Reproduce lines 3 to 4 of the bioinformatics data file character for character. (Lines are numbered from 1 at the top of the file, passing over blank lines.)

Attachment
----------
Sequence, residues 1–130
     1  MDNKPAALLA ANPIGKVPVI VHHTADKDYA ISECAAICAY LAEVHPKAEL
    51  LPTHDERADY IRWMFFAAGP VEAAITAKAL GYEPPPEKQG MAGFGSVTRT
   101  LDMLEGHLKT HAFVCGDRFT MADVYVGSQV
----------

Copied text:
    51  LPTHDERADY IRWMFFAAGP VEAAITAKAL GYEPPPEKQG MAGFGSVTRT
   101  LDMLEGHLKT HAFVCGDRFT MADVYVGSQV